By Brian Keepers
The stadium was packed. Over 50,000 people crowded into Soldier Field, the whole place vibrating and humming like a hornet’s nest, eagerly waiting for the band to take the stage.
The sun has set and, from where we’re sitting, we can see the incandescent Chicago skyline poke its head above the stadium walls. My brother and I are seated far back from the stage, too far away to get a glimpse of what is happening up close. But suddenly there is cheering and screaming and a spate of camera flashes as the tiny silhouettes of four figures walk out onto a stage extension, an island among the sea of enthusiastic fans.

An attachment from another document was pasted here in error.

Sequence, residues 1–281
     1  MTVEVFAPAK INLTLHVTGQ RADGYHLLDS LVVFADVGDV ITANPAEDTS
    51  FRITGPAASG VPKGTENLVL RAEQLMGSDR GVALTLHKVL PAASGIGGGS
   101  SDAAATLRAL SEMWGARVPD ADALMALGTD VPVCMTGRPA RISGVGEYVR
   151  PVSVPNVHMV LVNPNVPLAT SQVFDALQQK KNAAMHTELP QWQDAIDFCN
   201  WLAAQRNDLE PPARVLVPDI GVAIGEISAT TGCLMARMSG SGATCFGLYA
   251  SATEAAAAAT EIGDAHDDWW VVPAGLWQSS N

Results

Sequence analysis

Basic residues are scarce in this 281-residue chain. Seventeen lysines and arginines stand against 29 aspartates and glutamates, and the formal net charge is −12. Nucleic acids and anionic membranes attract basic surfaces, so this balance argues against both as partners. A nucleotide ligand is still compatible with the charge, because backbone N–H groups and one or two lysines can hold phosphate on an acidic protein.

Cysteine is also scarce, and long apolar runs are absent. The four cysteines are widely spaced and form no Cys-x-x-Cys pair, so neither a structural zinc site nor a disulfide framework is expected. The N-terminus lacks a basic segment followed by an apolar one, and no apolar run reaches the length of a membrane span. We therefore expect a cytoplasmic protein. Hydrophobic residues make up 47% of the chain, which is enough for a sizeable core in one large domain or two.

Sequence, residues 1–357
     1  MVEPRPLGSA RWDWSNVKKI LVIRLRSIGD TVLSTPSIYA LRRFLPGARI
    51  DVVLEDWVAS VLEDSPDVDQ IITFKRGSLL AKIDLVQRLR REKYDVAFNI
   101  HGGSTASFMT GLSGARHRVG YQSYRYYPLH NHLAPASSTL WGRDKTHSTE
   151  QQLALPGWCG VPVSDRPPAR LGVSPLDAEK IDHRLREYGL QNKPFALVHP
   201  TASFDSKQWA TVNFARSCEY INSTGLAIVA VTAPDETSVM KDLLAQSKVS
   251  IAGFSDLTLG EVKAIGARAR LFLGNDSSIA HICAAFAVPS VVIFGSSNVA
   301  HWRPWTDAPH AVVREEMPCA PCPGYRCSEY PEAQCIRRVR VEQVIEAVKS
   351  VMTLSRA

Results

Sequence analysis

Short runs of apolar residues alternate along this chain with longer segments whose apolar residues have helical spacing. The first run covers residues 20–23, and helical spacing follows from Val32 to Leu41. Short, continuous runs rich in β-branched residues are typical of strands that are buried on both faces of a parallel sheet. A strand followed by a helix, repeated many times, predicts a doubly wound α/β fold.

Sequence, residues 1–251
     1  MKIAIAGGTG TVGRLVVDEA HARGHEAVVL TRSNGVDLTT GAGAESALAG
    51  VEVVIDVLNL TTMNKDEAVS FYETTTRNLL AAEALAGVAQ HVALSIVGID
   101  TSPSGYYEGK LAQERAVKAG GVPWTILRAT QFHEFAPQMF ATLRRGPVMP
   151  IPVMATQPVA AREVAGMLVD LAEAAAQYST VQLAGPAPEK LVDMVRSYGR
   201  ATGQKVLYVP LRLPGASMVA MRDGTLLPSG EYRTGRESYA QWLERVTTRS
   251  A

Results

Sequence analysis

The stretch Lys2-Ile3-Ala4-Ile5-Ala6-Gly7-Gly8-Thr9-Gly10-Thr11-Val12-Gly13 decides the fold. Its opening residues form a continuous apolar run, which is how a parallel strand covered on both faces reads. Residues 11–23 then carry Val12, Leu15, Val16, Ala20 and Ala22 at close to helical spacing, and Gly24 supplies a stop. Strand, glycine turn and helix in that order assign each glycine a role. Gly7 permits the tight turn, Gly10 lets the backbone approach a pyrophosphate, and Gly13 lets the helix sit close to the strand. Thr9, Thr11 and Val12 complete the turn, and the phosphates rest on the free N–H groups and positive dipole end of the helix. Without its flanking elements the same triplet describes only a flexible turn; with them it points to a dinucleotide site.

Then the pound of drums. Next the thrum of a bass guitar. And then the familiar riff of an electric guitar. The stage lights up and the lead singer, a prophet and a poet with an uncanny magnetism, howls out the first lyrics into the microphone.
And the crowd erupts.
I’ve long been a fan of the Irish rock band sensation U2. This is the third time I’ve seen them in concert. But what makes this third time so special is that this is the 2017 Joshua Tree Tour—the 30th anniversary of the 1987 album that many would say was U2’s finest moment.
I was in middle school when The Joshua Tree came out (the band’s fourth album), but it wasn’t until college that I really fell in love with U2 and came to appreciate what they’re about. As my faith matured, I found myself longing for something more than the often stilted and cliché-driven “contemporary Christian music” I was exposed to in high school. I longed for something more artistic. Something more nuanced and honest as I wrestled with my own doubts and questions.